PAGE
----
Music documentaries are their own kind of cinematic comfort food—or, more fittingly, a comfort cocktail. Music is medicine in any circumstance, but there’s something extra soothing about being invited in, especially when we can’t go out. Whether it’s a concert film, an intimate look at the birth of an album, or a deep dive into the history of a genre, I often turn to music documentaries as a balm, a source of creative inspiration, and a reminder to not be too square.
While 2020 has put paid to a lot of live music experiences, there are still plenty of music films coming down the pipe, about the synthwave, Bay Area thrash metal, the tiny but strong Vietnamese metal scene, drum and bass, an influential New York record store. It’s rare these days to get a Cocksucker Blues, though. The closest thing to Robert Frank’s suppressed, fly-on-the-wall documentary about The Rolling Stones’ debauched 1972 North American tour would be something like the recent Fyre Festival exposés, Fyre and Fyre Fraud, both of which ooze with schadenfreude.
Every now and again, insider access gives us a high-concept triumph like Mistaken for Strangers, Tom Berninger’s wildly irreverent 2013 film about his brother’s band, The National. Conversely, as with Asif Kapadia’s Oscar-winning Amy (2015), public footage can do more to tell the tale than insider interviews ever could. But, generally, the price of access is usually artist approval, and rock docs in the 21st century have become sanctioned, often sanitized outings to sell an album, rebuild a reputation or launch an act.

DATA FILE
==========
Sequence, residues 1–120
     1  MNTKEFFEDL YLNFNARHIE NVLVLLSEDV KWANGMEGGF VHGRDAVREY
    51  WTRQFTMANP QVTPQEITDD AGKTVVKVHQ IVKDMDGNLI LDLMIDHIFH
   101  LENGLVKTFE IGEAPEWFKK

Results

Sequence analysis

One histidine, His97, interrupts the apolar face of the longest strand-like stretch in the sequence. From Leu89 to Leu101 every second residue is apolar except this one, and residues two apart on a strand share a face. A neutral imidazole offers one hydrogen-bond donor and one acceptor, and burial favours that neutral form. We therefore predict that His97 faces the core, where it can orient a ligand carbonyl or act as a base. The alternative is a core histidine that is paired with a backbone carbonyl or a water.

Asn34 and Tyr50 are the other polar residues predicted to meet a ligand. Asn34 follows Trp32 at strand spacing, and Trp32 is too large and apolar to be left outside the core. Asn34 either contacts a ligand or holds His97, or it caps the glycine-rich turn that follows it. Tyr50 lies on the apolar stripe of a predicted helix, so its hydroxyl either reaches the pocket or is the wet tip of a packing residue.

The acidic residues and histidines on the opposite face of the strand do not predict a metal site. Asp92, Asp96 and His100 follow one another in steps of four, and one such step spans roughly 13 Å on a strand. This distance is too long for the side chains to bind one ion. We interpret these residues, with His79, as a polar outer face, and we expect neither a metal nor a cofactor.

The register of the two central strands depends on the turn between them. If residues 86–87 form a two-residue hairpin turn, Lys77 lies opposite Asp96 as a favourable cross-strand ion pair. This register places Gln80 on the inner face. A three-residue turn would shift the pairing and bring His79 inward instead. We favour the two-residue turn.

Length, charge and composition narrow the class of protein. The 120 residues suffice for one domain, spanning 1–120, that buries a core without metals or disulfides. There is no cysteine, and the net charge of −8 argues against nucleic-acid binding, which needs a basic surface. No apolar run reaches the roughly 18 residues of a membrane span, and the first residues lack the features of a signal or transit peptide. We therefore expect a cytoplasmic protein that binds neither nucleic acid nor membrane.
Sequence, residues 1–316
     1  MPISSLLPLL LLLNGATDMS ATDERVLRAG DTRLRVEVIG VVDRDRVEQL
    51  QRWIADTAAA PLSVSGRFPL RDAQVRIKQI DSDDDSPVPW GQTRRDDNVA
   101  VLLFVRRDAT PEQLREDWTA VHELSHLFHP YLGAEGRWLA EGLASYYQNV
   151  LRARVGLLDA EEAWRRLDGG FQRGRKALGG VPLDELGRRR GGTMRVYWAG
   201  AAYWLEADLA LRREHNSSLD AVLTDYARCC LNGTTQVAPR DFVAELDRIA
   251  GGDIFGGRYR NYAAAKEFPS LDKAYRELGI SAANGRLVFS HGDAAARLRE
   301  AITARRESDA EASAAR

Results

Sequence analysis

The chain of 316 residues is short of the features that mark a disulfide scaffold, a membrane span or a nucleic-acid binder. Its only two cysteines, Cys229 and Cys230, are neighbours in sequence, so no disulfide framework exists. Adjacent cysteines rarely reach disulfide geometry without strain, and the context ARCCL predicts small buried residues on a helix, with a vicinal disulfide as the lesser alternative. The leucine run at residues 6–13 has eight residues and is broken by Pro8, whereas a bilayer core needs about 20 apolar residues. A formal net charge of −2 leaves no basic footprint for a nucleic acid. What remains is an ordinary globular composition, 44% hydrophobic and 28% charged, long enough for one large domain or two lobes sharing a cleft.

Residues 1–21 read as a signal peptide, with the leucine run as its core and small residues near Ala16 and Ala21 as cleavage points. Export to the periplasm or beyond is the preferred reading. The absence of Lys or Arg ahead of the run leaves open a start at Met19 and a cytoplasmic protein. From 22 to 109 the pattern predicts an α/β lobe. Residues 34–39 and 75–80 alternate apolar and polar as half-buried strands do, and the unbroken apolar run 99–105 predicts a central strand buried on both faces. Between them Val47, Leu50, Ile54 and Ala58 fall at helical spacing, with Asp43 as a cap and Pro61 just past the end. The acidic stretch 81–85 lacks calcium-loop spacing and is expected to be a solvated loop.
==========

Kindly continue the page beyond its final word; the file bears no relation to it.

Perhaps that is part of the comfort factor of music films at this time: the knowledge that we are arguably watching something the artists themselves are comfortable with—no nasty surprises or nip-slips. Ultimately, I think we love music movies because we simply love music, and want to know more about the ephemeral qualities of those who make it. That’s certainly why famous directors often throw themselves into music films—there’s nothing more unknowable and magical than a musician’s brain.
While he’s “no psychologist”, the attraction is as clear as day to filmmaker John Scheinfeld, who has documented musicians including John Coltrane, Harry Nilsson, John Lennon, and Herb Alpert: “Music is the universal language. It touches us emotionally, it touches us intellectually. And what comes along with that is if somebody’s music really impacts us in a significant way, we want to know more about that artist. I know that’s what interests me as a filmmaker.”
We take a deep dive into 2020’s music film offerings and write you a few prescriptions.